Some of you know that I’ve recently lost a substantial amount of weight. In the beginning, I was rewarding myself for every 5 lbs. with a manicure, of course, the pandemic has changed that, and to be honest, once I hit a certain point, the weight loss itself became the reward, as well as fitting into smaller sizes! Not to mention, how good I feel, and the increased mobility that I have.

When it comes to writing, of course, finishing the book and having people actually read it is the ultimate reward, but sometimes you need those little incentives to get you to THE END. I used to reward myself with food, a piece of See’s chocolate for completing the day’s word count, dinner out for meeting a larger goal. I also justified dinner out by saying that it gave me more time to write. Obviously, in recent months I’ve learned that those rewards had created a different problem, and I needed healthier incentives.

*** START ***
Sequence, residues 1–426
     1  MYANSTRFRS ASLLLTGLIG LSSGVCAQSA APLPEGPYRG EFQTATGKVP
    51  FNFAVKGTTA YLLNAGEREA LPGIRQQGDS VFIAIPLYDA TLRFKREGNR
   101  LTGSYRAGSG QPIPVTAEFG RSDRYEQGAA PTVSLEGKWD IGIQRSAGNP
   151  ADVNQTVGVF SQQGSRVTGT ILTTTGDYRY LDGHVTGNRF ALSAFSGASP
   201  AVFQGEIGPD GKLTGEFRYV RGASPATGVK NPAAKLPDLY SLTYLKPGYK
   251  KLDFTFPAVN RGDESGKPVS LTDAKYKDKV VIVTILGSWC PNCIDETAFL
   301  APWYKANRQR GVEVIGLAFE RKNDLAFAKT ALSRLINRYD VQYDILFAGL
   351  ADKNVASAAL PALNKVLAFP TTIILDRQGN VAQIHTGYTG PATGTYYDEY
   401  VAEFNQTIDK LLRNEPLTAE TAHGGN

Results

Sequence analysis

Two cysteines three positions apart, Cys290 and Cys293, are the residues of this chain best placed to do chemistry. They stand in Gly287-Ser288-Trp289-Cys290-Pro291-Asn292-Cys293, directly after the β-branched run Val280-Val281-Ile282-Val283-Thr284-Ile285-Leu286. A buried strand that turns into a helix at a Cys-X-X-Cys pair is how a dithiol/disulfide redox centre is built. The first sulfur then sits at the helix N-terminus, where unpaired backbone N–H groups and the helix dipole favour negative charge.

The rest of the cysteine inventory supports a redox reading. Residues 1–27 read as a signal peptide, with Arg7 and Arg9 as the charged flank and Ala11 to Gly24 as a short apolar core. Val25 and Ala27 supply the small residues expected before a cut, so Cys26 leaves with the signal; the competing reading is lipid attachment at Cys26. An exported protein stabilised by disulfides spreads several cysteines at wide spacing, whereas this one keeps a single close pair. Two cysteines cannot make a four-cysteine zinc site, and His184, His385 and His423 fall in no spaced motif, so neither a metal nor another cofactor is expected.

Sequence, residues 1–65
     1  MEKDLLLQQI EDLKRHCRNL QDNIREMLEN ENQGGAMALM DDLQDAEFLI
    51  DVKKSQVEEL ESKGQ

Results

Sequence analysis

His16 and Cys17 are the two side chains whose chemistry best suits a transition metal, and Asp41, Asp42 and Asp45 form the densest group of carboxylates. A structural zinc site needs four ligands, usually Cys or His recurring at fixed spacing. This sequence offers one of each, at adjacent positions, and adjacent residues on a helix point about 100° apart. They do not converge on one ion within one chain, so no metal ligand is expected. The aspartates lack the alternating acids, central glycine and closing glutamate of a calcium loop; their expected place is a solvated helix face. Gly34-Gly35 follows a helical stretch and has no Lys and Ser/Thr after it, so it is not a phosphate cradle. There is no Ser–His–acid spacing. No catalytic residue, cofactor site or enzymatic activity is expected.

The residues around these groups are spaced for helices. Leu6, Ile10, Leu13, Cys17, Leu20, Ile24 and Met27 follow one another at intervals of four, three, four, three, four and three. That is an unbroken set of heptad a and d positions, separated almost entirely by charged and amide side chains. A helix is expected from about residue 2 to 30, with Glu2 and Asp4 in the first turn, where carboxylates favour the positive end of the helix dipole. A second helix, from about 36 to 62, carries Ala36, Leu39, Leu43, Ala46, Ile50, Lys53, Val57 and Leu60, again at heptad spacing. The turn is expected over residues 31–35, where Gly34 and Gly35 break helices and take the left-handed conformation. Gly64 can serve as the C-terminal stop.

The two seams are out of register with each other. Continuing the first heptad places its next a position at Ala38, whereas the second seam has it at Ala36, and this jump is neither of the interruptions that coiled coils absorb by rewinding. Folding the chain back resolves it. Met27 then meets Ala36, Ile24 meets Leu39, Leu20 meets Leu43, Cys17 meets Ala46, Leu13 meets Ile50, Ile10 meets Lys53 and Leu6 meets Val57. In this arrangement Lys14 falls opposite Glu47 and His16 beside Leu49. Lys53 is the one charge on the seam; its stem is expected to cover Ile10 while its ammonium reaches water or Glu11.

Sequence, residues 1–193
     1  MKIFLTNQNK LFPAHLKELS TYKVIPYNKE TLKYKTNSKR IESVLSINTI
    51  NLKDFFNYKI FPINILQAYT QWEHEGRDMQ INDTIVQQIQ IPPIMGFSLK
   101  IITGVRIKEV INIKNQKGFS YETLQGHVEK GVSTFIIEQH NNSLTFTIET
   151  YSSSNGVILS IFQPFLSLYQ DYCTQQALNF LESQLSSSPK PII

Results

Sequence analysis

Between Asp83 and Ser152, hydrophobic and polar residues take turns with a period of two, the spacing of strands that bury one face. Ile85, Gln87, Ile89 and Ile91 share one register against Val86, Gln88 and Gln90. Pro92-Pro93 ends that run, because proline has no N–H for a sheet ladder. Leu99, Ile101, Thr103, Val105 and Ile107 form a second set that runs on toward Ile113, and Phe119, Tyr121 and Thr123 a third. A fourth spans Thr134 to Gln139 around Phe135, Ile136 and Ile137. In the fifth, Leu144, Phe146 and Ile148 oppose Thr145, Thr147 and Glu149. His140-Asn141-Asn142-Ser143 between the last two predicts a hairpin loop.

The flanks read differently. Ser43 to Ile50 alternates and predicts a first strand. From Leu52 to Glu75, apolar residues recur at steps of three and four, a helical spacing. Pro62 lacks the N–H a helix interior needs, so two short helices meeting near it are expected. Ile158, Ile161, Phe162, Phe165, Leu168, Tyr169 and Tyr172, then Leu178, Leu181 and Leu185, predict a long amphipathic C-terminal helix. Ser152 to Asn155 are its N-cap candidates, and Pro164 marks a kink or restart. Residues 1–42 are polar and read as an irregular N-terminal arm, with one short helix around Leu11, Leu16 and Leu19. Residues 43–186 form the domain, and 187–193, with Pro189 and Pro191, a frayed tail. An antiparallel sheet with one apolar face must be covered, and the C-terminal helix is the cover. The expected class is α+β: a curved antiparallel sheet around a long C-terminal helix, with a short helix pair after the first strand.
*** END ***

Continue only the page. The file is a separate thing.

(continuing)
But, I have another passion that I don’t get to indulge as often as I’d like. Sewing. And that has become my new reward. If I meet my writing goal, I’m allowed to sew, and when I finish the book, I get a new sewing toy! With my weight loss, I need new clothes desperately, so I better get writing! And I may even add new clothes (that I didn’t sew) to my rewards.

This image has an empty alt attribute; its file name is 18268515_10211351572419403_7165457334963119801_n.jpg

Oh, and sometimes a writing class or workshop with someone like Angela James is a reward! A reward that can make your next project even better.

How do you reward yourself for your accomplishments? What are your favorite treats? Or do you feel the accomplishment is reward enough?

6 0 Read more

Copyright ©2017 A Slice of Orange. All Rights Reserved. ~PROUDLY POWERED BY WORDPRESS ~ CREATED BY ISHYOBOY.COM

>